"How can it not be defamatory against a man who has the Order of Canada, Order of B.C. and all of the rest of the accolades Mr. Furlong has received in his very distinguished career? How can that not be defamatory?

"Are they going to be able to prove this all happened? Are they going to be able to, even if it didn't happen, be able to evade liability on the basis of responsible journalism?"

Hunter offered the court no information on when or if Furlong would schedule a trial. He did not object to Shragge's statements on that topic. He also declined to answer a reporter's questions outside the courtroom about the lack of trial scheduling.

To support the application, Shragge cited a 2006 court order for Gurmej Singh Gill to pay $20,000 to the registry as security for costs in his defamation lawsuit against the Pacific Newspaper Group and Vancouver Sun investigative reporter Kim Bolan over a 2001 story.

Hunter said case law dictates that a judge's discretion to order a security payment from a plaintiff should be exercised cautiously and sparingly, only when the plaintiff is needy, has a weak claim, a history of failing to pay court costs or disrespect of court orders.

"We don't have that kind of case here at all," Hunter said.

Shragge also filed an objection to Furlong's Dec. 5 affidavit, branding it inadmissible because it lacked names, dates and facts and did not include supporting documents. He said it violated court rules because it instead contained opinion, irrelevant statements, personal attacks and adjectives. "Argument, dressed up as facts and in some cases there is hearsay and even double hearsay."

Weatherill later warned Hunter that "some of it, at least, will be ruled inadmissible."

Hunter conceded that Furlong's words were "strongly expressed," but repeated the claim from Furlong's original lawsuit, that Robinson acted with malice.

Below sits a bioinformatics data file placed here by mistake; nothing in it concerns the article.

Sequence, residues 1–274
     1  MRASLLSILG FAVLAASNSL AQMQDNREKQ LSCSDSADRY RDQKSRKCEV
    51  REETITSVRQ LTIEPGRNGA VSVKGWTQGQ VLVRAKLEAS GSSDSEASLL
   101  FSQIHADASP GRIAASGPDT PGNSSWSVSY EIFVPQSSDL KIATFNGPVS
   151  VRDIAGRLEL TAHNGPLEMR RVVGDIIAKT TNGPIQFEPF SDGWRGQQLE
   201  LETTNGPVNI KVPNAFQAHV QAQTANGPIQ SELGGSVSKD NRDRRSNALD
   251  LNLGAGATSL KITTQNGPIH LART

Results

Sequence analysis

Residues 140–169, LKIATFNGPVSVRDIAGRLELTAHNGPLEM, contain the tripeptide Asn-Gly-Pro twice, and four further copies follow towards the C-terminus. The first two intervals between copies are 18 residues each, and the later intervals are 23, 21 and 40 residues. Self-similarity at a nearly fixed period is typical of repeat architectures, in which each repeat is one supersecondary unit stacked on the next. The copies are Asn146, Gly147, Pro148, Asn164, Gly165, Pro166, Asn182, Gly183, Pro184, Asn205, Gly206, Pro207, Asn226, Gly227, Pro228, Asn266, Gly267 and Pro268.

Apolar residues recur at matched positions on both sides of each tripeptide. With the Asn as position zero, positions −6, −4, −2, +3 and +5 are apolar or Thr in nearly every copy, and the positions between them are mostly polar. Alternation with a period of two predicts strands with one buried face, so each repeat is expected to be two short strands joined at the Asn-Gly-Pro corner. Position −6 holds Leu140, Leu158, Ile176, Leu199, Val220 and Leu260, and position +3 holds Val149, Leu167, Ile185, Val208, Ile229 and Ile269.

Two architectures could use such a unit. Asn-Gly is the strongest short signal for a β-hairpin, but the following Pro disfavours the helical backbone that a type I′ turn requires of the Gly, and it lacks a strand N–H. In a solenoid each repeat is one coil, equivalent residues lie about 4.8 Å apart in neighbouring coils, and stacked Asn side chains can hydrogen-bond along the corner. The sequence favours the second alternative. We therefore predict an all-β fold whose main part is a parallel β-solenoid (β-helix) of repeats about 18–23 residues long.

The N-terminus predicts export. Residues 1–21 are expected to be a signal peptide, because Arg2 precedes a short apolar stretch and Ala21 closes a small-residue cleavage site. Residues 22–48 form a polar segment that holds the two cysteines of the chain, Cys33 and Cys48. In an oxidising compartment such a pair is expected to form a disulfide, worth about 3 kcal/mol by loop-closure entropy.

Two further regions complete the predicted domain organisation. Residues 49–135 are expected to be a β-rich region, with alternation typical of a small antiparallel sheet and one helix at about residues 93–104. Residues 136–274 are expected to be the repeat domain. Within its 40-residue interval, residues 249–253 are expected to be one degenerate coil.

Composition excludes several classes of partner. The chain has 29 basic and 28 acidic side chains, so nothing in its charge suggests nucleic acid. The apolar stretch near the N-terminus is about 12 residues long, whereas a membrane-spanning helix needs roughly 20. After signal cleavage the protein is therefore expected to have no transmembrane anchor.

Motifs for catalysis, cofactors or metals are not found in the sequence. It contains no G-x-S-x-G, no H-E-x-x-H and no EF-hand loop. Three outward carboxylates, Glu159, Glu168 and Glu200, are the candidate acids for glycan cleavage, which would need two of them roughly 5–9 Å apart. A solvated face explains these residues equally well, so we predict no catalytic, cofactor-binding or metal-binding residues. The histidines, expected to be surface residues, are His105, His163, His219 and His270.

"It surely cannot be said the defendant has shown that she has published in good faith," Hunter said. "That will be one of the central issues at trial."

Weatherill said he would deliver a verbal judgment on the $100,000 application and the admissibility of the affidavit on Dec. 10.

The application almost wasn't heard on Dec. 9. Justice Joel Groves was the original judge, but when the case was called in courtroom 31 he said he could not hear the matter because of an unspecified "problem" he had with the case.

Shragge and Hunter huddled with a scheduling clerk to find another judge and courtroom sometime this week before another clerk learned that Weatherill became available in courtroom 41 because of a trial adjournment.

When it got underway almost an hour later, Weatherill told Shragge and Hunter that he was a member of the Arbutus Club and knew Furlong when he was the Shaughnessy club's general manager, prior to becoming VANOC's chief executive in 2004.

"We exchanged pleasantries from time to time in the hallway, that is the extent of my acquaintance," Weatherill said. Hunter made no comment.

"The question for me is whether your lordship feels that he is able to render a decision on the merits and if your lordship feels that is the end of the discussion for us," Shragge said.

Weatherill responded: "That is my view. I wouldn't be here otherwise."

Vancouver journalist Bob Mackin is a frequent contributor to The Tyee. Due to the nature of this story, comments are closed.

Find more in: